- Chest discomfort
- Cough that produces mucus -- the mucus may be clear or yellow-green
- Fever -- usually low-grade
- Shortness of breath that gets worse with activity
- Wheezing, in people with asthma
- Chest x-ray, if your provider suspects pneumonia
- Pulse oximetry, a painless test that helps determine the amount of oxygen in your blood by using a device placed on the end of your finger
- Drink plenty of fluids.
- If you have asthma or another chronic lung condition, use your inhaler.
- Get plenty of rest.
- Take aspirin or acetaminophen if you have a fever. DO NOT give aspirin to children.
- Breathe moist air by using a humidifier or steaming up the bathroom.
- DO NOT smoke.
- Avoid secondhand smoke and air pollution.
- Wash your hands (and your children's hands) often to avoid spreading viruses and other germs.
- Have a cough on most days, or have a cough that keeps returning
- Are coughing up blood
- Have a high fever or shaking chills
- Have a low-grade fever for 3 or more days
- Have thick, yellow-green mucus, especially if it has a bad smell
- Feel short of breath or have chest pain
- Have a chronic illness, like heart or lung disease
Acute bronchitis is swelling and inflamed tissue in the main passages that carry air to the lungs. This swelling narrows the airways, which makes it harder to breathe. Other symptoms of bronchitis are a cough and coughing up mucus. Acute means the symptoms have been present only for a short time.
When acute bronchitis occurs, it almost always comes after having a cold or flu-like illness. The bronchitis infection is caused by a virus. At first, it affects your nose, sinuses, and throat. Then it spreads to the airways that lead to your lungs.
Sometimes, bacteria also infect your airways. This is more common in people with COPD.
Chronic bronchitis is a long-term condition. To be diagnosed with chronic bronchitis, you must have a cough with mucus on most days for at least 3 months.
Some symptoms of acute bronchitis are:
Even after acute bronchitis has cleared, you may have a dry, nagging cough that lasts for 1 to 4 weeks.
Sometimes it can be hard to know if you have pneumonia or bronchitis. If you have pneumonia, you are more likely to have a high fever and chills, feel sicker, or be more short of breath.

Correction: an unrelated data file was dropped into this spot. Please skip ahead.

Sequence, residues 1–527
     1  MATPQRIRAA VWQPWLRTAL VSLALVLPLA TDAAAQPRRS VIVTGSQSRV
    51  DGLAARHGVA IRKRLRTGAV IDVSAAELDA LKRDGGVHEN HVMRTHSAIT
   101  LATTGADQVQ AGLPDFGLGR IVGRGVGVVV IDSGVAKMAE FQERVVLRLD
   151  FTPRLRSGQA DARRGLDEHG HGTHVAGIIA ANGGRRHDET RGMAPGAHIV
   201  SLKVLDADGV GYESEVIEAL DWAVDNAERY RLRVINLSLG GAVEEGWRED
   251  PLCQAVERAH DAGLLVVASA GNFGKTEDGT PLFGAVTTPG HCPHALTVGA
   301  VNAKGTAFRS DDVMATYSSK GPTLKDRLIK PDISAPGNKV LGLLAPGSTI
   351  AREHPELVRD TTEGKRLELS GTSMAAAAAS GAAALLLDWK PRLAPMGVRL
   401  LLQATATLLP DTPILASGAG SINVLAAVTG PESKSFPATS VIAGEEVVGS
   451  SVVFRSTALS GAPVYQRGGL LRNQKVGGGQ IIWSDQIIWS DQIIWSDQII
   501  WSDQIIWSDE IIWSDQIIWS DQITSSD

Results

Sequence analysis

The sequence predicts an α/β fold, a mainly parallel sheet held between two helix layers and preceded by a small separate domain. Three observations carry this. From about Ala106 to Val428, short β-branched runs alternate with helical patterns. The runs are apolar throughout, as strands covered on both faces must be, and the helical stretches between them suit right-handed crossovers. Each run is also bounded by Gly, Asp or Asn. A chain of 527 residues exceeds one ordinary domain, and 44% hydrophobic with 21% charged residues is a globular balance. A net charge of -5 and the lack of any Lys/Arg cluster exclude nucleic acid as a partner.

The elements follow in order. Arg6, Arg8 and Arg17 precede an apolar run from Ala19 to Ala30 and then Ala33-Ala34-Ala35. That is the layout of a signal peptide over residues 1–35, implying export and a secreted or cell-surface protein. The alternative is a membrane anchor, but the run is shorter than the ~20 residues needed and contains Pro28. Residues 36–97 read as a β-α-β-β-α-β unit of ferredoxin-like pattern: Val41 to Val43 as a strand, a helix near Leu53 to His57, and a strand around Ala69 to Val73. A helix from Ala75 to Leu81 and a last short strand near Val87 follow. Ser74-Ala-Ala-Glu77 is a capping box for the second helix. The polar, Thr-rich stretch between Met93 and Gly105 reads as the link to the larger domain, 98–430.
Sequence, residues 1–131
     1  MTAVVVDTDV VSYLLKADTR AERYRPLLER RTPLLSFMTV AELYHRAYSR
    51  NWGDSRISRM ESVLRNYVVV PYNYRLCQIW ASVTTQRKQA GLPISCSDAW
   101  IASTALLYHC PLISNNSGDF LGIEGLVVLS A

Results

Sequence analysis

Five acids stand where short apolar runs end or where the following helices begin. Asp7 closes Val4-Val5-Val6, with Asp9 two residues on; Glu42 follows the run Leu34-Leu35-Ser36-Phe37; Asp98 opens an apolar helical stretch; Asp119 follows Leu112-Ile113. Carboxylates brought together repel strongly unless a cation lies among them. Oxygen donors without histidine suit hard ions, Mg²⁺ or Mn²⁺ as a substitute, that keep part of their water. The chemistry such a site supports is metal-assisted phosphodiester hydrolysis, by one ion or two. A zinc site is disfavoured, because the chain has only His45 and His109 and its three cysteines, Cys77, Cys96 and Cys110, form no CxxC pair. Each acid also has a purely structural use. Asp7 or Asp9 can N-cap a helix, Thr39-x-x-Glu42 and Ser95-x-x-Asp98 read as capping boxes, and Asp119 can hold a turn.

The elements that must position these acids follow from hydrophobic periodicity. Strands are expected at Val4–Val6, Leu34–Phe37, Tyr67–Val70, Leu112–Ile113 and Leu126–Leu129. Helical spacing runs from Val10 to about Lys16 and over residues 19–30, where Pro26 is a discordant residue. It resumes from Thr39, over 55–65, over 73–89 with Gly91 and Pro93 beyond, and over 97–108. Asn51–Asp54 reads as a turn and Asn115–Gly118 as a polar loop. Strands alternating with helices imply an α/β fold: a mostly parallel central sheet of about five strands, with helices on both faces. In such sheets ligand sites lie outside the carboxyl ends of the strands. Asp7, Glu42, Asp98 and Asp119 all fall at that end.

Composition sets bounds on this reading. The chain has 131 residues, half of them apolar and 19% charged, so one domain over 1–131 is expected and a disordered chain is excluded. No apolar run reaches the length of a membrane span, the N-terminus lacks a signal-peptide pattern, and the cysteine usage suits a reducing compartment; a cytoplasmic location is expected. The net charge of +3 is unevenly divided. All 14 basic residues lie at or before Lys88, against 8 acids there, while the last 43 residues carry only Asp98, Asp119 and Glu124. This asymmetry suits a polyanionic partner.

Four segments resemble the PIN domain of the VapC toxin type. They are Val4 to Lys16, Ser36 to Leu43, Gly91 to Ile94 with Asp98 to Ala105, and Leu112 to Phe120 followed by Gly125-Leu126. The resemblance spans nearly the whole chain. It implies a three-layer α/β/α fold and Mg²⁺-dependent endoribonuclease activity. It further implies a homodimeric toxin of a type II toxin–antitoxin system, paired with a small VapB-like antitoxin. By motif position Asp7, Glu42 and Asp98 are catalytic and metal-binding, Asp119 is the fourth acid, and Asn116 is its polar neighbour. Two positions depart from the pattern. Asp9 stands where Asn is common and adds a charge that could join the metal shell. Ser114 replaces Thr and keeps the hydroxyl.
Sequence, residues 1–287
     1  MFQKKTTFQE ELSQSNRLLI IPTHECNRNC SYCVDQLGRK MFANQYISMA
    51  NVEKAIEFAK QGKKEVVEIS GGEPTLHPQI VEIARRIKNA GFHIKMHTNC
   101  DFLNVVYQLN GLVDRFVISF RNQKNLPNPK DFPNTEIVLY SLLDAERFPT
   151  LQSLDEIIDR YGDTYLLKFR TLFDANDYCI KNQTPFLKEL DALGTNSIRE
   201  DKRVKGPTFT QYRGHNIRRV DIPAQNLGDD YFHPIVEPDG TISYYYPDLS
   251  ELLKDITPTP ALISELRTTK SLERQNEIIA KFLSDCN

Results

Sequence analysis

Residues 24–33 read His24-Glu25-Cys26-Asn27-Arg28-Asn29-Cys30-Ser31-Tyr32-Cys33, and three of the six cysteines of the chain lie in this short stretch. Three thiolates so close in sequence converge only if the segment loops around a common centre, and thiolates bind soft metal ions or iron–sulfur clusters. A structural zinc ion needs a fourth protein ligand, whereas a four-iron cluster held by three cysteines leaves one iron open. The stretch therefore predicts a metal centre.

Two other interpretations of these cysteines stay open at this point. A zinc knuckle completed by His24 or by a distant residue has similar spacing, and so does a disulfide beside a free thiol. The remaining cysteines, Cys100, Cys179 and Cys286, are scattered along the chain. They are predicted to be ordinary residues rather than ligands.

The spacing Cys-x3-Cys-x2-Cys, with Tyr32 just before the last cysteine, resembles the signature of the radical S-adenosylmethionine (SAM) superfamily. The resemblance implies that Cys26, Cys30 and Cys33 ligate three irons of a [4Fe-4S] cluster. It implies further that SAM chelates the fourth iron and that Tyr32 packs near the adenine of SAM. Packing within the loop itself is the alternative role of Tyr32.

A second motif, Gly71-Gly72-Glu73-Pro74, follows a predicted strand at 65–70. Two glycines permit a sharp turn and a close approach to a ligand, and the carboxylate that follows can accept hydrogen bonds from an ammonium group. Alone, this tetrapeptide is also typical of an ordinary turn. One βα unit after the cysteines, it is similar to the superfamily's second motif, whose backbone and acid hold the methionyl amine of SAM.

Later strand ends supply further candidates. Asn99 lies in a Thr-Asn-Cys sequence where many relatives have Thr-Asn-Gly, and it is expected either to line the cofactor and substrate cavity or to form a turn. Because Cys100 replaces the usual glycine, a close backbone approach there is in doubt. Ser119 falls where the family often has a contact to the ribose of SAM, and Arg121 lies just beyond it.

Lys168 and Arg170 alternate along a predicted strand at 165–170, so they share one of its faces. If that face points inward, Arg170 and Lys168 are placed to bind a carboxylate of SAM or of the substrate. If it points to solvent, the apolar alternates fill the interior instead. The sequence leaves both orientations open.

Exams and Tests
Your health care provider will listen to the breathing sounds in your lungs with a stethoscope. Your breathing may sound abnormal or rough.
Tests may include:
Most people DO NOT need antibiotics for acute bronchitis. The infection will almost always go away on its own within 1 week. Doing these things may help you feel better:
Certain medicines that you can buy without a prescription can help break up or loosen mucus. Look for the word "guaifenesin" on the label. Ask the pharmacist for help finding it.
If your symptoms do not improve or if you are wheezing, your provider may prescribe an inhaler to open your airways.
If your provider thinks you also have bacteria in your airways, they may prescribe antibiotics. This medicine will only get rid of bacteria, not viruses.
Your provider may also prescribe corticosteroid medicine to reduce swelling in your lungs.
If you have the flu and it is caught in the first 48 hours after getting sick, your provider might also prescribe antiviral medicine.
Other tips include:
Except for the cough, symptoms usually go away in 7 to 10 days if you do not have a lung disorder.
When to Contact a Medical Professional
Call your provider if you:
Davids S, Schapira RM. The respiratory system: acute bronchitis. In: Bope ET, Kellerman RD, eds. Conn's Current Therapy 2016. Philadelphia, PA: Elsevier Saunders; 2014:chap 6.
Ferri FF. Acute bronchitis. In: Ferri FF, ed. Ferri's Clinical Advisor 2016. Philadelphia, PA: Elsevier; 2016:section 1.
Walsh EE. Acute bronchitis. In: Bennett JE, Dolin R, Blaser MJ, eds. Mandell, Douglas and Bennett's Principles and Practice of Infectious Diseases. 8th ed. Philadelphia, PA: Elsevier Saunders; 2015:chap 66.
- Review date:
- December 07, 2016
- Reviewed by:
- Denis Hadjiliadis, MD, MHS, Associate Professor of Medicine, Pulmonary, Allergy, and Critical Care, Perelman School of Medicine, University of Pennsylvania, Philadelphia, PA. Also reviewed by David Zieve, MD, MHA, Isla Ogilvie, PhD, and the A.D.A.M. Editorial team.
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